We gave the Fallout co-op game a shot, but it got really repetitive really quickly. Even if you like the Fallout series, I'd avoid it or buy it second hand.

Star Realms Frontiers is a co-op capable pack for Star Realms, a deck builder with oodles of intercompatible expansions. The base game is normally played 1v1 but the "Frontiers" version has rules and a set of missions for 1-4 player to take on cooperatively. If you've played a deck builder before you'll feel instantly at home, if not it won't take more than a few turns to get the basic hang of it. It's fast to setup and pack away and each game shouldn't take more than 20-30 minutes. While the expansions are technically intercompatible, if you play the missions using Command expansion decks you'll have basically no challenge.

Legendary Encounters: Aliens sorry, "Legendary Encounters - An ALIEN Deck Building Game" is a purely co-operative deck builder which commits strongly to its theme. You play through scenarios resembling the three original movies on a provided playing mat. It plays well and has a support mechanic where other players can help you with resources on your turn that helps to keep everyone engaged in their down time. Unless you're some kind of card savant or have a lot of practice, however, it's quite fiddly to setup particularly the first time you open the box. On the plus side, you can generally mix-and-match Legendary Encounters games and, true to theme, there are a special rules to combine this one with "Legendary Encounters: Predator". I'd generally only recommend this one if you think you'll play more than one game in a row, otherwise you'll spend near as much time setting up and packing up as you do playing.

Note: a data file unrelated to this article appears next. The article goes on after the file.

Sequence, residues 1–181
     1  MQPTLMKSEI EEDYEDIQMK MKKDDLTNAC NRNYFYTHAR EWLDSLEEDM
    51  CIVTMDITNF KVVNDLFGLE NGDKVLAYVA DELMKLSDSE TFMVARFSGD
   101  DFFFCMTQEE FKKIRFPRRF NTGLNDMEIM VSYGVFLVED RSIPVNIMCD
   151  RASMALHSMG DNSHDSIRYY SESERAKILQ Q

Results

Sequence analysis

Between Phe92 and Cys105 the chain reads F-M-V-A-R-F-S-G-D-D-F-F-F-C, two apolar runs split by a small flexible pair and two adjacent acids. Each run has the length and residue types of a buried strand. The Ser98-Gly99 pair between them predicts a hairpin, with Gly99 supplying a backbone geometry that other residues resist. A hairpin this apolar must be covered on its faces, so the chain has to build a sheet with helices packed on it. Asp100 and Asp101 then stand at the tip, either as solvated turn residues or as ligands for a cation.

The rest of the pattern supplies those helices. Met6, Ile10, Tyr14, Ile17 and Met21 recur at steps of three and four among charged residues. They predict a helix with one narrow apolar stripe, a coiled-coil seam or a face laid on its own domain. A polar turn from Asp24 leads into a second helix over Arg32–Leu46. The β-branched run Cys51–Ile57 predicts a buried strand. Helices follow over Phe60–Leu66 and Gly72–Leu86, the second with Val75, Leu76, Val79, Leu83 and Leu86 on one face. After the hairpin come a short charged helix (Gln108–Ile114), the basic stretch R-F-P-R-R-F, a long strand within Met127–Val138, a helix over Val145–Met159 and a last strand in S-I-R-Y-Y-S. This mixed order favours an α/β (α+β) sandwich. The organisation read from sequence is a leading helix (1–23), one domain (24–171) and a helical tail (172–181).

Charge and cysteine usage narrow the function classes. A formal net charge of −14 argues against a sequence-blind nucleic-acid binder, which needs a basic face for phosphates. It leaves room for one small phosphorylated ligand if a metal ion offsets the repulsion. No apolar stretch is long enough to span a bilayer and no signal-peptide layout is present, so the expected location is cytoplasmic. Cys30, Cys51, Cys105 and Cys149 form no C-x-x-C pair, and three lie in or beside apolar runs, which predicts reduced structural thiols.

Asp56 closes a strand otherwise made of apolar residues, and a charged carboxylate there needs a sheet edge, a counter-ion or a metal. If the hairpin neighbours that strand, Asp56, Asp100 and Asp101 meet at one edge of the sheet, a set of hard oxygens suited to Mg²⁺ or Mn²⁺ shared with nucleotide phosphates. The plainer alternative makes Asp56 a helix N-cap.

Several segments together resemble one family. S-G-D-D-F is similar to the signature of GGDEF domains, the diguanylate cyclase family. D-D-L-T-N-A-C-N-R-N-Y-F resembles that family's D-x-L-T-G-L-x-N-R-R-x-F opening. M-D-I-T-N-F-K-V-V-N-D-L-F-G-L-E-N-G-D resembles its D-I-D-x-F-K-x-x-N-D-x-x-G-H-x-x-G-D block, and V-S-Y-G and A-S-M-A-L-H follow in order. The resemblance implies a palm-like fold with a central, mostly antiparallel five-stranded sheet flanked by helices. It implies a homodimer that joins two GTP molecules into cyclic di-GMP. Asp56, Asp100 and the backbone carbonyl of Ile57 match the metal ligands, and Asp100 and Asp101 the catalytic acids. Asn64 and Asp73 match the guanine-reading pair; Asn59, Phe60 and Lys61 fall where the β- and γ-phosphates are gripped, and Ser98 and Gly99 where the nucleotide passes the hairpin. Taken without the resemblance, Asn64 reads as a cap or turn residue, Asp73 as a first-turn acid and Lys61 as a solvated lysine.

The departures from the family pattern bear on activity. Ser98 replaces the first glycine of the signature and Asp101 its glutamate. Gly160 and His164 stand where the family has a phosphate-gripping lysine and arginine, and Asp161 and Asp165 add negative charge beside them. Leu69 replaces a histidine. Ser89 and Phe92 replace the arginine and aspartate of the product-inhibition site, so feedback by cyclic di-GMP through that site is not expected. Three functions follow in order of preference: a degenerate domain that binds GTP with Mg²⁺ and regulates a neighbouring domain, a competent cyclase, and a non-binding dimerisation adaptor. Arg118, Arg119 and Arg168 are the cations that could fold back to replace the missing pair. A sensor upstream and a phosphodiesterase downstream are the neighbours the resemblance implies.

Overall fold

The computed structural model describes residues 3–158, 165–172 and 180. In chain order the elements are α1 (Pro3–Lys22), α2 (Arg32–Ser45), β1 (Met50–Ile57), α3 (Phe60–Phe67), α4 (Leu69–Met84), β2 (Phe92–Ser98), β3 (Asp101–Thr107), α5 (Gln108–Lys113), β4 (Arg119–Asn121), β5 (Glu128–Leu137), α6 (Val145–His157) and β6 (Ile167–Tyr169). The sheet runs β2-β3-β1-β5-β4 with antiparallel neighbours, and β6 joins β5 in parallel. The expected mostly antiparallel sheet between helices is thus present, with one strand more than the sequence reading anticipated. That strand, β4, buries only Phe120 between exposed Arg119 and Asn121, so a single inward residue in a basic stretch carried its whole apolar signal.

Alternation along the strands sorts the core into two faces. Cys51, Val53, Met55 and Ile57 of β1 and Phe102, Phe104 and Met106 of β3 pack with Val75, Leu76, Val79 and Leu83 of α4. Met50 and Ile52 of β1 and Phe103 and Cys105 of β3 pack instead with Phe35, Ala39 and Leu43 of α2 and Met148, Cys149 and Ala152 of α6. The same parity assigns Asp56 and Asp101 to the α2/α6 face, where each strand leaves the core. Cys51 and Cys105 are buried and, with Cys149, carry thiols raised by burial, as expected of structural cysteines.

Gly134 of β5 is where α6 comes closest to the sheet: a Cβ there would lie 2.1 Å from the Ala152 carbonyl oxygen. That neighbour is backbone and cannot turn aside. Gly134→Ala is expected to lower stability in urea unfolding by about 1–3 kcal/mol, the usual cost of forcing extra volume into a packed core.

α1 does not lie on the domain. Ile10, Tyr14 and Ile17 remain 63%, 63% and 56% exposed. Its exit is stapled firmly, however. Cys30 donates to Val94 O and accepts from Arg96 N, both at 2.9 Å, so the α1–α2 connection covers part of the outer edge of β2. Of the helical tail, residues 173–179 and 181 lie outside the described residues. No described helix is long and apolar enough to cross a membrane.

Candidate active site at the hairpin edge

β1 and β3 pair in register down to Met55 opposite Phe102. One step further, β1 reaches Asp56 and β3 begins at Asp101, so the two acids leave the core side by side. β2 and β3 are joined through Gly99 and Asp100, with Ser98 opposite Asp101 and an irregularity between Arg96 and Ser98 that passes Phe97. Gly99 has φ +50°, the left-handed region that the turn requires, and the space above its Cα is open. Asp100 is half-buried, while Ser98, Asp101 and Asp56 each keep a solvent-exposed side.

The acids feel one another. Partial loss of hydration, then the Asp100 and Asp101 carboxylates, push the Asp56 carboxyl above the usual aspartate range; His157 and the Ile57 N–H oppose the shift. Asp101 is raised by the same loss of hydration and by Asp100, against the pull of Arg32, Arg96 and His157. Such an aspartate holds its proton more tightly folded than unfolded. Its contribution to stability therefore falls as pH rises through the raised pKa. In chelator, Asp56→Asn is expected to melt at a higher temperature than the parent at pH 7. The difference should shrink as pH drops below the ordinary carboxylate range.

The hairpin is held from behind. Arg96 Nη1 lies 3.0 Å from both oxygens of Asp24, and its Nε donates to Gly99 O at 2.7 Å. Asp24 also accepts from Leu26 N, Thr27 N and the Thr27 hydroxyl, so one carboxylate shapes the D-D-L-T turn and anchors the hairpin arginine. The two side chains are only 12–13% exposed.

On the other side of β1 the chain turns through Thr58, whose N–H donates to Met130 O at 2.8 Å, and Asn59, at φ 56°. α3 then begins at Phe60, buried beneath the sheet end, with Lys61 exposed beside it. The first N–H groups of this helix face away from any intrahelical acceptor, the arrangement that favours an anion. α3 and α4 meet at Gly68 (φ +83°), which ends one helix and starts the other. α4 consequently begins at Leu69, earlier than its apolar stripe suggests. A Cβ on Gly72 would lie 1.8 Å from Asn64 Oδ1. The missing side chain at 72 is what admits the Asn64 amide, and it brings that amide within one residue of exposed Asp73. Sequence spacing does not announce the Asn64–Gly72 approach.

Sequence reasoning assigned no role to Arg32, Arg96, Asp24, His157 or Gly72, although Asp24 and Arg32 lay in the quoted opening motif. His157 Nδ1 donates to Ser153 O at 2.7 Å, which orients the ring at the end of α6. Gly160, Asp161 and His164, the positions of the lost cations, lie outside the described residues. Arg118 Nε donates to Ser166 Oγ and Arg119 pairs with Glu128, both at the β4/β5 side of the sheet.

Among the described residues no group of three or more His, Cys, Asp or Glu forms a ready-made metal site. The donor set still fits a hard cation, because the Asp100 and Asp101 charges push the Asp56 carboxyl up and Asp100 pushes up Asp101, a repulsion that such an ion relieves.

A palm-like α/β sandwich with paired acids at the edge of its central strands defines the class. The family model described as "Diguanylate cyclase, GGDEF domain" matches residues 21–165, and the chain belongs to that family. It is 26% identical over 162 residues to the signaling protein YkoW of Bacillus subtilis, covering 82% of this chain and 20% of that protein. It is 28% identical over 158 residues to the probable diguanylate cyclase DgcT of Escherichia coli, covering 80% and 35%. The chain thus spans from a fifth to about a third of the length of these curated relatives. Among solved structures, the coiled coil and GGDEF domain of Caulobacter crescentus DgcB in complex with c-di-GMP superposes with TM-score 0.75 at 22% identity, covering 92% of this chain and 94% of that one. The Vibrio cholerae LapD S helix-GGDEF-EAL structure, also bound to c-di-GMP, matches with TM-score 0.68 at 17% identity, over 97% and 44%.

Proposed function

Still card based but basically the opposite of a deck builder is the Dresden Files co-op card game. Each player picks a character (one player has to be Harry Dresden), draws their initial hand and then basically never draws again making cards valuable resources. The players are faced with two rows of cards rach consisting of enemies to fight, cases to solve, obstacles to overcome or advantages to take and have cards for dealing with each of those four things. Using a shared resource pool, players take turns either spend resource to use one of their cards or replenish the pool by discarding. The end goal is that they must have more solved cases than enemies remain alive once they run out of cards. There are some dice rolls during the game and a "show down" at the very end where dice rolls can help bring the players over the line if they didn't quite get there. The game doesn't take much space, is fairly quick to setup and consistently takes very close to 30 minutes. You don't need to know anything about the "Dresden Files" series to enjoy the game, but some familiarity adds more colour to the characters and their abilities.